Each summer we witness the as yet futile, but persistent, efforts put forth by Esmerelda to achieve motherhood. This year she is again in full swing, fastidiously sitting on what originally were 13 eggs, but this time a new twist has come on the scene. The concept of motherhood has dawned on Lavinia as well, and she has joined Esmerelda in the small nesting box. The eggs must be really hot.
The other members of our flock have shown not one bit of interest in being broody, but for some unknown reason, the spark has set off a desperate surge in Lavinia’s maternal behavior—all quite strange. In previous years, she has laid her eggs and been done with it, but not this time around.
Neither of them is interested in eating, which causes me to think that each fears that if she gets off of the nest, the other will not let her back. As a result, I am serving them their meals in situ, gently dropping the corn in a corner of the box, which they seem to appreciate, but I can do nothing about their liquid intake. In the past, neither of them was much of a drinker anyway, and I have found that not eating does not mean that a chicken will die of starvation. If she becomes that thirsty, she will handle quenching it on her own.
Summer months are the molting season, consequently none of our hens is going to capture any prize at a county fair, but the new crop of feathers is beginning to appear. By summer’s end, they should be pristine once more. Again this year, I have prepared the ICU (Intensive Cage Unit) for the potential arrival of new chicks.
I am stocked with a good supply of Start and Grow, left over from Quack and Quack’s infantile days. The latter are no longer ducklings, but mature specimens of the Khaki Campbell breed. As the breed is known for its egg production, I am hoping for some results in the next few months. The average Khaki Campbell duck lays between 200 and 300 eggs per year. My grandmother always said duck eggs were the best.
Clarence, the progenitor of the potential new chicks, is oblivious to his impending fatherhood. He does not seem to miss Esmerelda and Lavinia’s presence in the flock, perhaps indicative of the biological fact that birds cannot count, thus they do not know whether one is missing or not, be it an egg or an adult. He does not jump up to see what is going on in the nesting box. His part is over and he is done with it.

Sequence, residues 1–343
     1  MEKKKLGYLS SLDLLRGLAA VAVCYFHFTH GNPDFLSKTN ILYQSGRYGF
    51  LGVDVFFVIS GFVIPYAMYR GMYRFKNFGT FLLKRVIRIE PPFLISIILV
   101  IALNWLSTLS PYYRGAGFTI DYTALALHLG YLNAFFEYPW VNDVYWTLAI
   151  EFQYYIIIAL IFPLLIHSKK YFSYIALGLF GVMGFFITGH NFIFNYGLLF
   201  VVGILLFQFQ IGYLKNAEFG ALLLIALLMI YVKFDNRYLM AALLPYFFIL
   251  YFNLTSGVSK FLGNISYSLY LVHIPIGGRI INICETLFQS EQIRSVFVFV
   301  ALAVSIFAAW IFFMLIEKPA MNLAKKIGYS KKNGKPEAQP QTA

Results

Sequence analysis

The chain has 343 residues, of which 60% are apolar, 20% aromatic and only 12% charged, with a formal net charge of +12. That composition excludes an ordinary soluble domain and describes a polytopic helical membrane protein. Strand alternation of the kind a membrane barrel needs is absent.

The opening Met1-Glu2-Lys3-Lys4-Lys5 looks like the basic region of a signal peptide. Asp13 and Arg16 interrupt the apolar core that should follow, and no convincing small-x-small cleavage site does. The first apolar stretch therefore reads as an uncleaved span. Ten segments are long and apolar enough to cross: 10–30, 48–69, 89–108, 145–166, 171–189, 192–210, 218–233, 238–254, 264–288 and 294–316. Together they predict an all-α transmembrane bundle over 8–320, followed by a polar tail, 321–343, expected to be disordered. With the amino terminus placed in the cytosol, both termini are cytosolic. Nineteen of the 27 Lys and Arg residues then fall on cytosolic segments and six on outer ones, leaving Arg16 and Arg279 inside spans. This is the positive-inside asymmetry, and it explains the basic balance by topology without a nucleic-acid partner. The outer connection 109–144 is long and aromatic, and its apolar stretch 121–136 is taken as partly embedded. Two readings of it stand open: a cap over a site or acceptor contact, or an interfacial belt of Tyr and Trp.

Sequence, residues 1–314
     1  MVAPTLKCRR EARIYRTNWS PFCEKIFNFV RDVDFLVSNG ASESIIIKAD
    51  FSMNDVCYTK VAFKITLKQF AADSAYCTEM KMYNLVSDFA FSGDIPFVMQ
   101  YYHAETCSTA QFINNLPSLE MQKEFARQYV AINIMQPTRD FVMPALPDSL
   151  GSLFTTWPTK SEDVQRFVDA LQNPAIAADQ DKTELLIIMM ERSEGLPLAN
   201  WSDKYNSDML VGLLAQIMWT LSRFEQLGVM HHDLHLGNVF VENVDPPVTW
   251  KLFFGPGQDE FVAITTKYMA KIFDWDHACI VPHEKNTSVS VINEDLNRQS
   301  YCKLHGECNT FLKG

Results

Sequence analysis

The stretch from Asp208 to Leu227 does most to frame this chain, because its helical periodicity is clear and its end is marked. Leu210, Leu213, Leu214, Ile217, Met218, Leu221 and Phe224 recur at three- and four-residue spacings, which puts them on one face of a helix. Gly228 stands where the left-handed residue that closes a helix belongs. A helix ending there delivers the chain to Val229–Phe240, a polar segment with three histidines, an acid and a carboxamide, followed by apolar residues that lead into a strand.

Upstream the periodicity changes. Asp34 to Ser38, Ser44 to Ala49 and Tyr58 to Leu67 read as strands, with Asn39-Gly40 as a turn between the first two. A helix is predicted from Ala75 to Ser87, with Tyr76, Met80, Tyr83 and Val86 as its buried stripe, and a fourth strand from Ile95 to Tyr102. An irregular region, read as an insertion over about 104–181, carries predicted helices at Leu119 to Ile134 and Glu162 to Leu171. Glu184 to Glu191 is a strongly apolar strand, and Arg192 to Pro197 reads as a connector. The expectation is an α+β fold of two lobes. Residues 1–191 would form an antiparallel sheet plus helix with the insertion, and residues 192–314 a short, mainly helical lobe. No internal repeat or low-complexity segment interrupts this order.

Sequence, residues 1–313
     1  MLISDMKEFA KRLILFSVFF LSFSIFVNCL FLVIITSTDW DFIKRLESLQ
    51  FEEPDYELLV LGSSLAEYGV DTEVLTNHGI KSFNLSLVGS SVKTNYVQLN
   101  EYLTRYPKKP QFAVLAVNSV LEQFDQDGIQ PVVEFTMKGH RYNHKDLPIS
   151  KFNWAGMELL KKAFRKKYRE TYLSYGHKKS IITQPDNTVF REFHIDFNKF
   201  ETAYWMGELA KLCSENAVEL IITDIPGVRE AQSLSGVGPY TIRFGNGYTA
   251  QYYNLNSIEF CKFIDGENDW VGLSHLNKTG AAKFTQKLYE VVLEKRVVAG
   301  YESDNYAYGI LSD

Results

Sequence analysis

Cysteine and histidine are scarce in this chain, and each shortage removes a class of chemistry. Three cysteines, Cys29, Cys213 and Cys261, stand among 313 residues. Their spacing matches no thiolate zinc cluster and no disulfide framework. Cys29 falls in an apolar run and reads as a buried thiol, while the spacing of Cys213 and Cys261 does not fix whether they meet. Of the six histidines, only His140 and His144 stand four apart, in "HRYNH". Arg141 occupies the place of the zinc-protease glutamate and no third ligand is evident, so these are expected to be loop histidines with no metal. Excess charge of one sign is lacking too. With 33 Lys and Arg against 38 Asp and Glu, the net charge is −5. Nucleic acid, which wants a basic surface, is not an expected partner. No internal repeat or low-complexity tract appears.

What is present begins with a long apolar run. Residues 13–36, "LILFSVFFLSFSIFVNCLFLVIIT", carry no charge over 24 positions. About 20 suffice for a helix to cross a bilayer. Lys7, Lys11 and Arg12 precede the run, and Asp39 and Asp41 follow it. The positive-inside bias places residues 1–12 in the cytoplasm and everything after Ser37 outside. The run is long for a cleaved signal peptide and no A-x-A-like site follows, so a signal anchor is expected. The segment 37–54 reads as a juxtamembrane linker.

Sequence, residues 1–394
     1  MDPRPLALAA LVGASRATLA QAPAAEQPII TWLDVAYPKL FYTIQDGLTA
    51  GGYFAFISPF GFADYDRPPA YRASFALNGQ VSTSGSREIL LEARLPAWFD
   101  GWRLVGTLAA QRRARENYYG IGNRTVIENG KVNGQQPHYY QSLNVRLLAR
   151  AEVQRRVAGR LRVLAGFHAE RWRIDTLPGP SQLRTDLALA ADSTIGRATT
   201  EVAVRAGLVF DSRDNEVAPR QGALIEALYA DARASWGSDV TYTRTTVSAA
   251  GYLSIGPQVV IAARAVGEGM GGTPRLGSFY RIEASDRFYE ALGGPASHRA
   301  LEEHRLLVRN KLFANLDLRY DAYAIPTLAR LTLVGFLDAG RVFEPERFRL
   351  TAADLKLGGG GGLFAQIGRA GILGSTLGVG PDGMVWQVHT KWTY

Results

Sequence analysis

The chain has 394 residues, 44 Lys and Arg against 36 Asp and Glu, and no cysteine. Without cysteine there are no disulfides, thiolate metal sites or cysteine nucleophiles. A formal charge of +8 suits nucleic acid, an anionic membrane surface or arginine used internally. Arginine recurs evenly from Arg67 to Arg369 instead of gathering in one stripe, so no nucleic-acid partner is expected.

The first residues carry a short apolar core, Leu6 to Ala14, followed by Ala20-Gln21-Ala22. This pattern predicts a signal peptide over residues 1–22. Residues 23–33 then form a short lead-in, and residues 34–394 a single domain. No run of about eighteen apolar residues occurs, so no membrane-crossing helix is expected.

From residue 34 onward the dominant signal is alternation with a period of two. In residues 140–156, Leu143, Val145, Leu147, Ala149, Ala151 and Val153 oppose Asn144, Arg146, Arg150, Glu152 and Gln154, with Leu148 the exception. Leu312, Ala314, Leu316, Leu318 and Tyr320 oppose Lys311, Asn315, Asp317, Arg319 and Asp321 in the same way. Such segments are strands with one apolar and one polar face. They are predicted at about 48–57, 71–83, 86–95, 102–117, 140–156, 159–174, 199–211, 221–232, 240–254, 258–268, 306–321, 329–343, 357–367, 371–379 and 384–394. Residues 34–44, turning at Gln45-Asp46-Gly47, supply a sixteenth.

A chicken will lay between seven and 20 eggs in a clutch, after which she will undergo a change in her hormones, whereby she will go from the laying mode to the sitting mode. Twenty-one days after she begins to sit, the first chicks should begin pecking their way out of their shells. I am perplexed by Lavinia’s never having laid her own clutch of eggs, but now suddenly experiencing the hormonal change whereby she has to share Esmerelda’s impending motherhood, something akin to “jump-starting” the process.
Having laid her own bevy of eggs for this spring, Gladys is finished laying until next year. If I had a gander, I would gently ease one or two of Gladys’ eggs in under Esmerelda in the hope of getting a gosling or two. Chickens do not know if the eggs are theirs or not, and readily adopt and raise anyone that hatches from under them. Brood membership is social, not biological.
We are halfway through the sitting process, counting the days until we hear “cheep, cheep,” the ultimate manifestation that indeed Esmerelda has achieved success at motherhood. Perhaps Lavinia’s contribution will be sufficient to accomplish that end.